Meanwhile, the afternoons and evenings have been full of dinners here and there, exploring the town, or just relaxing to movies. I love the family we are lving with here in La Paz. Today the two year old finally started talking to me. Before that he just looked at me silently or walked away or would ruun away screaming and crying. His mother Marielle has been so kind. She will talk to me about all kinds of stuff even though I barely know Spanish. She doesn't treat me like I am dumb just because I can't say very much. Sometimes it feels like a stab at my intelligence not to be able to say basic sentences, but I am learning a lot and getting verb tenses and all that jazz. When we come back to La Paz I hope to be able to actually talk with Marielle.
Last weekend we ran into a bunch of my friends from when I was here the first time. I have seen the band Suma Qhana, my friends from El Redentor, and even a friend from northern Peru who is here with YWAM. I have also made new friends and gotten to know a family from Maryland.
We have great thunder storms here. I love hearing the rain hit the roof. It usually doesn't rain for long, and then life resumes. I can't wait to see what tomorrow will bring.

Friday, October 31, 2008

Pidgeons landing on my head...and more

We are still in La Paz, and there is definitely a lot to see, do, and think about. We ventured out today and yesterday. Yesterday I took the kids on a little walk downtown and we came across a plaza surrounded by governmental buildings, I think. The plaza held all the entertainment though, as there were thousands of pidgeons waiting to be fed. So, of course, we bought corn and fed them! Before I even opened the package, one landed right on my head! We were covered in pidgeons, the plaza had thousands of them! T.J. had at least four on each arm at one point! And to think in Sucre two years ago I spent so much time trying to catch one!
I am really enjoying all of the kids. I love the Bolivians, too, but it is frustrating not to be able to understand very much of what they are saying. They have been SO kind and welcoming. We are relearning the customs here. Bolivians are much more polite in their greetings than I ever have been. Today we had lunch at a lovely family's house. We went swimming and played in their amazing gardens. Before that we played at a skate park! I never would have guessed. It was a lot of fun to be with the four Kraft kids and the four Bolivian children that we have been with. Two of those kids will live at the school with us in Caranavi. I am so glad. I love that family already.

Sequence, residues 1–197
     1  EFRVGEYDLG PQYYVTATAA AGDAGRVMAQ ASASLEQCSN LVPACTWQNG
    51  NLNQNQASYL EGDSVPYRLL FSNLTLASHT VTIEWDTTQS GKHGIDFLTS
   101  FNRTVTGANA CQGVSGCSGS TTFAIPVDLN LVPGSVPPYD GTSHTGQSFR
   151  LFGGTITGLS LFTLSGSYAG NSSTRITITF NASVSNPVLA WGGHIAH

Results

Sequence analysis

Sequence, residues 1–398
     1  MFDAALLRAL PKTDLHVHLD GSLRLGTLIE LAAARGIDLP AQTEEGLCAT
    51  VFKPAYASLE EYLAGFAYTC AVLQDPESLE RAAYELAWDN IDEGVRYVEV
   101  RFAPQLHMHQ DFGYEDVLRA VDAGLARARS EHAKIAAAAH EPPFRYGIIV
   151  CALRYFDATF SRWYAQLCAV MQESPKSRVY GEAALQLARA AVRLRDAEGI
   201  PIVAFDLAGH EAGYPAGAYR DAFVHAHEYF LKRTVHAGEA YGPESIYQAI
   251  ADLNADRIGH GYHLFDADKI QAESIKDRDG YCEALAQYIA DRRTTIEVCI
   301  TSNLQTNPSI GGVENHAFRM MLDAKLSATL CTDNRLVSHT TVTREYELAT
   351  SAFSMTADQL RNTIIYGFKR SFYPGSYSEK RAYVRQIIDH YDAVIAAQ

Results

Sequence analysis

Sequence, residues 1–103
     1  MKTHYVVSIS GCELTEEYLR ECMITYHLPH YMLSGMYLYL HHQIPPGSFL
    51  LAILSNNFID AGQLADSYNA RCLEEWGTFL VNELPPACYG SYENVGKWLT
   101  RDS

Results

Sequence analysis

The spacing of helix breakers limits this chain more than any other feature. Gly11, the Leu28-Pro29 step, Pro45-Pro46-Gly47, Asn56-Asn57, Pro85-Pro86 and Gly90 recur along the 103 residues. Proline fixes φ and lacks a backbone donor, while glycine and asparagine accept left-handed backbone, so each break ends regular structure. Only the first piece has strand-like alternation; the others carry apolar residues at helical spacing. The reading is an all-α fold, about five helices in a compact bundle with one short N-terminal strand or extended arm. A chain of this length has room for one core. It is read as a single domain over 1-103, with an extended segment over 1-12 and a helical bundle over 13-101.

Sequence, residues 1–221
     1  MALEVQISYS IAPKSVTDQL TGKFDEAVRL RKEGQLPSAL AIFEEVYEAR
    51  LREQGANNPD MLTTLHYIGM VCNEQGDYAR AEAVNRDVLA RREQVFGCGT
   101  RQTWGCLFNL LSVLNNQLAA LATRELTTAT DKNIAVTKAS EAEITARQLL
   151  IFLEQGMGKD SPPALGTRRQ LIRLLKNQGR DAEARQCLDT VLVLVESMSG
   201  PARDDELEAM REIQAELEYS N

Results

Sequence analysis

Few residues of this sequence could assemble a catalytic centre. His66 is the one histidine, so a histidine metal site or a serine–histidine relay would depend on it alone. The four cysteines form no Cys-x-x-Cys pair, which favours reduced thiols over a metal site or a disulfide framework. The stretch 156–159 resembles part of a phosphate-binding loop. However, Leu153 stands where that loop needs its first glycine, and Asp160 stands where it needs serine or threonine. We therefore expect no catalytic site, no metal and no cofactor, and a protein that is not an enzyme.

I have seen so much beauty here. There is of course the beauty of La Paz. I can't describe it better than to say that it is like living inside the Grand Canyon. The colors are beautiful, red and white cliffs dotted with homes. If you look up, you see homes where in the Midwest you would simply see sky. Then there is the beauty of the people. Life is so busy here. But it isn't exactly life that's busy, it is more that people are out experiencing it together. The familiarity of this place comes not just from having been in La Paz before, but from the familiar touch of cheeks as we greet each other, familiar smells (though I can't prove this, I will argue that La Paz has a smell and I haven't smelled it for a year and a half. I KNOW this smell!), familiar sounds of Spanish greetings, and familiar sights of colorful buildings, typical dress of the Bolivian women. I am glad to be here. I have so much to learn.

Wednesday, October 29, 2008

We made it! I have officially been in Bolivia for 15 hours. I have had many thoughts and many blessings. It has been wonderful to be with the Krafts again, to get to know each of them a little better. I can't wait to see how the relationships evolve. We are staying with a family in La Paz for a few days. The family has been amazing. I have enjoyed just being with them. We are well fed and well cared for. We are currently in the same time zone as the US' eastern time zone. After the US' time change, we will be two hours ahead of central time instead of just one.
I am so glad to finally be here. I was so blessed by small interactions throughout the whole trip. Everything went smoothly except that I don't have my luggage yet. I am hoping to get it tomorrow or within the week.
In some ways it feels like I am setting out on a grand adventure, but in some ways it feels like I am returning home. I simply got out of my parents' car and left my cell phone behind. I got on a plane and left my parents behind. I got on another plane and left my country behind. I fell asleep and woke up in Bolivia. Crazy. And yet, just one foot after another. My Spanish skills still need a lot of work, but it has been easier than I expected. No one at the house seems to mind that I only understand part of what they are saying and don't have much to say in response! However, the family we are staying with is one I would love to get to know better. Each one has a beautiful story. We will be in La Paz for a few days and then we are headed to Caranavi. We will be there indefinitely. I can't wait to get started with the schoolwork, to be in Caranavi and start getting familiar with the area, the people, the life.
As I was leaving, I was super nervous. I couldn't explain why, and I couldn't reason it away. On the plane, I opened my Bible to Psalm 23, but my eyes jumped right over to Psalm 27. The Lord is my light and my salvation-whom shall I fear? The Lord is the stronghold of my life-of whom shall I be afraid? (v1) It continues, and I was so blessed by that chapter. My stomach stopped churning and there was peace. What do I have to fear? Nothing and no one! God is in control, and that is beyond my understanding. I know that I have much to learn this year, and it promises to be challenging, sure, but oh, what a blessing.